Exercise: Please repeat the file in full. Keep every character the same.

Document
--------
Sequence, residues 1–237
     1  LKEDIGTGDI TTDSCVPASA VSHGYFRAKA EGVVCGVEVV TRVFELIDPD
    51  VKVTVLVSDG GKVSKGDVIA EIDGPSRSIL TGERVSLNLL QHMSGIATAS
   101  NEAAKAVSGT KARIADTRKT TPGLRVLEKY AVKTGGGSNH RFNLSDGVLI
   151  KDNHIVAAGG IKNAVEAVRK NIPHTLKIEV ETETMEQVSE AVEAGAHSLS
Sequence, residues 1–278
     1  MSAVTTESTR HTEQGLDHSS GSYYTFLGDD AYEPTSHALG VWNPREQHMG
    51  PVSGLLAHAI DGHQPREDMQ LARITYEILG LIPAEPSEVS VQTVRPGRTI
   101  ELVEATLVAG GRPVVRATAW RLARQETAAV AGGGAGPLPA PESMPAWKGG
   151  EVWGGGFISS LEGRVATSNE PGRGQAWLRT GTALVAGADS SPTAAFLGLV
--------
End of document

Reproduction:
Sequence, residues 1–237
     1  LKEDIGTGDI TTDSCVPASA VSHGYFRAKA EGVVCGVEVV TRVFELIDPD
    51  VKVTVLVSDG GKVSKGDVIA EIDGPSRSIL TGERVSLNLL QHMSGIATAS
   101  NEAAKAVSGT KARIADTRKT TPGLRVLEKY AVKTGGGSNH RFNLSDGVLI
   151  KDNHIVAAGG IKNAVEAVRK NIPHTLKIEV ETETMEQVSE AVEAGAHSLS
Sequence, residues 1–278
     1  MSAVTTESTR HTEQGLDHSS GSYYTFLGDD AYEPTSHALG VWNPREQHMG
    51  PVSGLLAHAI DGHQPREDMQ LARITYEILG LIPAEPSEVS VQTVRPGRTI
   101  ELVEATLVAG GRPVVRATAW RLARQETAAV AGGGAGPLPA PESMPAWKGG
   151  EVWGGGFISS LEGRVATSNE PGRGQAWLRT GTALVAGADS SPTAAFLGLV